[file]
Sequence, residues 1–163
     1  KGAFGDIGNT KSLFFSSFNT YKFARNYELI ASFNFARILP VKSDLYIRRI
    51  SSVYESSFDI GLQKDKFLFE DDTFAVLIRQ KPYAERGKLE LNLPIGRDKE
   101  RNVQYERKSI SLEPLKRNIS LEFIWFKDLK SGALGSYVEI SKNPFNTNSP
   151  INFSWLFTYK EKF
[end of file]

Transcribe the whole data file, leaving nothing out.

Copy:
Sequence, residues 1–163
     1  KGAFGDIGNT KSLFFSSFNT YKFARNYELI ASFNFARILP VKSDLYIRRI
    51  SSVYESSFDI GLQKDKFLFE DDTFAVLIRQ KPYAERGKLE LNLPIGRDKE
   101  RNVQYERKSI SLEPLKRNIS LEFIWFKDLK SGALGSYVEI SKNPFNTNSP
   151  INFSWLFTYK EKF